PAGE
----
Sierra Nevada melts and is left with almost half the skiable area it had a decade ago

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Regino Zamora, Professor of Ecology and scientific coordinator of the Sierra Nevada Global Change Observatory, offers a summary of the joint effort of a large group of scientists from the University of Granada. The researchers have observed a gradual decrease in snow cover over the last 40 years in the Sierra Nevada. Using satellite images provided by Landsat-5-7-8, a NASA project that provides high quality images to monitor the earth on a large scale, they have been able to quantify the changes in snow cover. The images they have collected from each year correspond to the hydrological period that includes the months of October to May, when the possibility of finding snow in the Sierra is highest.

Average annual snow cover in Sierra Nevada during the period 1985-2023. October-May period

Zamora points out that there is evidence of a general trend towards decreasing snow cover over the last 40 years in the Sierra Nevada. Although it is true that there is great variability between years, and some have been wetter and colder than others, in general, snow cover in the Sierra has decreased during the last decades. This coincides with the increase in temperatures recorded worldwide, coupled with the irregularity and scarcity of precipitation typical of the Mediterranean climate.

"The Mediterranean climate is moving towards a semi-arid climate similar to North Africa. The fauna and flora can adapt better than we can" - Regino Zamora, Professor of Ecology -

The observatory has weather stations distributed throughout the Sierra. When analyzing and comparing data from some with similar characteristics, it is found that precipitation has decreased by 67.07% between February 1993 and February 2023.

"It's simple. It is getting hotter and hotter and we have less water. This affects the ecosystems of the Sierra Nevada, agriculture and livestock, as well as all of us who live in the city," summarizes the expert. "Flora and fauna are adapted to the environmental stress associated with the climate of the Mediterranean mountains. However, their tolerance to climate change has limits. For example, the flowering of plants is now much shorter and trees lose their leaves earlier, due to lack of water, while animals seek refuge in the wetter and cooler corners of the Sierra," he describes. "We, in cities and humanized environments, where heat islands are generated, face greater difficulties. For example, at present, practically all of Spain's hydrographic basins present a deficit for our current consumption needs in cities and countryside. We must promote the adaptation of cities, agrosystems and natural ecosystems to the new climate scenarios. The increase in aridity makes our Mediterranean climate increasingly hotter and drier, similar to North Africa," he concludes. Zamora urges readers to consult the latest report of the Intergovernmental Panel on Climate Change (IPCC) that details its evolution in recent years. He also shares the good news that researchers from the SmartEcomountains project (University of Granada-Lifewatch) are developing Remote Nevadadensis (RN), an automated system for remote sensing monitoring of the state of health of ecosystems, which will allow rapid detection of changes in the functioning of ecosystems, as well as making predictions about their evolution. This tool will be available in June.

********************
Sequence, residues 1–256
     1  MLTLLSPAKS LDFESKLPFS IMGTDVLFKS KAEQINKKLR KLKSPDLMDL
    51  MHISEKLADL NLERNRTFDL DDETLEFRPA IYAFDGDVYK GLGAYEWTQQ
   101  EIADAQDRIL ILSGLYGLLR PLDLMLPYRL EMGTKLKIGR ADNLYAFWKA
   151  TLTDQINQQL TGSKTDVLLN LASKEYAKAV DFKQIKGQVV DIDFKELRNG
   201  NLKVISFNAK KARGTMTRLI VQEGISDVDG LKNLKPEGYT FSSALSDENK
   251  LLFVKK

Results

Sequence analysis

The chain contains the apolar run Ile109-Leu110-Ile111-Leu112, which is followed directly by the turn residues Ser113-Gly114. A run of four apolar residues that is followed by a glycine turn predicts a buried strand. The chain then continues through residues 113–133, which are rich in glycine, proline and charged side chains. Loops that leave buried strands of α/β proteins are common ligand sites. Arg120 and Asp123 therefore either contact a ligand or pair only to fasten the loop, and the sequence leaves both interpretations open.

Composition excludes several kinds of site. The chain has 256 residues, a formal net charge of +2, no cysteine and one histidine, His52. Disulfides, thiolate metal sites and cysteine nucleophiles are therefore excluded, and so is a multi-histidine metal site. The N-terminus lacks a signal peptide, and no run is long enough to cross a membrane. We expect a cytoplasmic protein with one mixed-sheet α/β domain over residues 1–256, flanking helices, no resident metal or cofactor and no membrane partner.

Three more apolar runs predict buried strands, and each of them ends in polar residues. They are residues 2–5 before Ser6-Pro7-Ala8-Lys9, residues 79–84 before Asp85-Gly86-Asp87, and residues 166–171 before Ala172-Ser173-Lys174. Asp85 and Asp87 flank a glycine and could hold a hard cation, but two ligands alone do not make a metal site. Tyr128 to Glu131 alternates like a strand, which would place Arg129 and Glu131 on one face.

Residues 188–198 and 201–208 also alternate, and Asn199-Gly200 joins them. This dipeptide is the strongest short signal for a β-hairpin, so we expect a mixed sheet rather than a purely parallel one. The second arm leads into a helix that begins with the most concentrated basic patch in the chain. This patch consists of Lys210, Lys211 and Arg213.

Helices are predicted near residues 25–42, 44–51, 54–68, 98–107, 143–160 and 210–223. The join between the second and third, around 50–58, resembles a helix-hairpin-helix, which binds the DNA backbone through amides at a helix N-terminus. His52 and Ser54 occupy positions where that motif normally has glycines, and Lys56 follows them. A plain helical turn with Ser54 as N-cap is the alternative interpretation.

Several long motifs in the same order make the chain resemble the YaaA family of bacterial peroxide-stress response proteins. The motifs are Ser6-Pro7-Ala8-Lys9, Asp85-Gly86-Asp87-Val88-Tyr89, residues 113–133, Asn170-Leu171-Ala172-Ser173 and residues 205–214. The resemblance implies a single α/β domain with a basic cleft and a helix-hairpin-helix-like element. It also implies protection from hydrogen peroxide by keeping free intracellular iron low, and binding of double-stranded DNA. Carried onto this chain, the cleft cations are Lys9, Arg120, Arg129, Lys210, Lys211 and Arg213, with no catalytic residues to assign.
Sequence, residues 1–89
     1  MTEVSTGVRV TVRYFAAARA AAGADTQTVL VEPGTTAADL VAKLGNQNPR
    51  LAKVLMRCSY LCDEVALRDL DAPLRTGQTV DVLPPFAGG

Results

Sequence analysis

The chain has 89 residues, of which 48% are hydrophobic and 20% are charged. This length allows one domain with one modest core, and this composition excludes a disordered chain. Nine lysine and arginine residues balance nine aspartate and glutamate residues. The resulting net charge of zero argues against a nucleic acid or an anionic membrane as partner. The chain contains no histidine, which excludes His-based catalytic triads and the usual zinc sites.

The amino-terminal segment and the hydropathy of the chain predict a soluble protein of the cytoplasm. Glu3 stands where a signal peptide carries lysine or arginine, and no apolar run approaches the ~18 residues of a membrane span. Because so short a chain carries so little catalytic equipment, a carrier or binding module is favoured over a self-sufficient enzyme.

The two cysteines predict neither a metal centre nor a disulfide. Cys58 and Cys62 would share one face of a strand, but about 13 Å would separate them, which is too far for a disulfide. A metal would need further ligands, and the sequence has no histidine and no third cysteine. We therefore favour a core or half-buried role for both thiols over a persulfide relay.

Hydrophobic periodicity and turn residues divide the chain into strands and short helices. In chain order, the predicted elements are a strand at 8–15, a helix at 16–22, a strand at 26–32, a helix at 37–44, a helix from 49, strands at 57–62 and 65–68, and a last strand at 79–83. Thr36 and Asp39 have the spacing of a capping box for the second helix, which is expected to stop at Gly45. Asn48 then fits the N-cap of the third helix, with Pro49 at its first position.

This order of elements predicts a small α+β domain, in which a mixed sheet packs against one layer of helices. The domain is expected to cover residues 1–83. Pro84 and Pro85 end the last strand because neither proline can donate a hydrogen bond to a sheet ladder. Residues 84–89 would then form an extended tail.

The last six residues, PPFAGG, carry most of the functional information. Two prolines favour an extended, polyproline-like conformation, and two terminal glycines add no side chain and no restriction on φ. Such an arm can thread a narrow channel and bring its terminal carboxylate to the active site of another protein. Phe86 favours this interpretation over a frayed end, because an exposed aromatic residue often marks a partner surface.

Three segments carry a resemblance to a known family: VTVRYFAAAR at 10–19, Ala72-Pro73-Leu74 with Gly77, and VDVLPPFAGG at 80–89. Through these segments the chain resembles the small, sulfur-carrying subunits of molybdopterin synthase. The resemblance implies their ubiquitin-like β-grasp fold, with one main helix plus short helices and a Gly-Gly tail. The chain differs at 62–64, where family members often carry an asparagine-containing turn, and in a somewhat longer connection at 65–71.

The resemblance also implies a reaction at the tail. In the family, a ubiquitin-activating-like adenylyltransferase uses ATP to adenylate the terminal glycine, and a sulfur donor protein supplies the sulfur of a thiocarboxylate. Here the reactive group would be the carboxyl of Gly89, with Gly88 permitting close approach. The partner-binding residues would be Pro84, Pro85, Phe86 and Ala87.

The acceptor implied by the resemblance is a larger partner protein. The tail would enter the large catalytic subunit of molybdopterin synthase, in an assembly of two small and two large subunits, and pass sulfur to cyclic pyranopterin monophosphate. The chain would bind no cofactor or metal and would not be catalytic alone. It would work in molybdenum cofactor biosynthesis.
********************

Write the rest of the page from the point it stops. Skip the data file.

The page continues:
"The melting is premature. Every year the drought is more intense and we have reached a critically dry period" - Manuel Villar, Researcher at the UGR -

Manuel Villar, researcher of the Department of Ecology of the Faculty of Sciences, warns about the effects of climate on the 74 lagoons of the Sierra. Some disappear or are altered. "The thaw is very early. Each year the drought is more intense and we have reached a critically dry period. It is catastrophic for the lagoons and the ecological flow of the rivers," he comments. "The ecosystem is suffering from water stress. The Sierra is our great reservoir and water reserve, we have to protect it," he adds.

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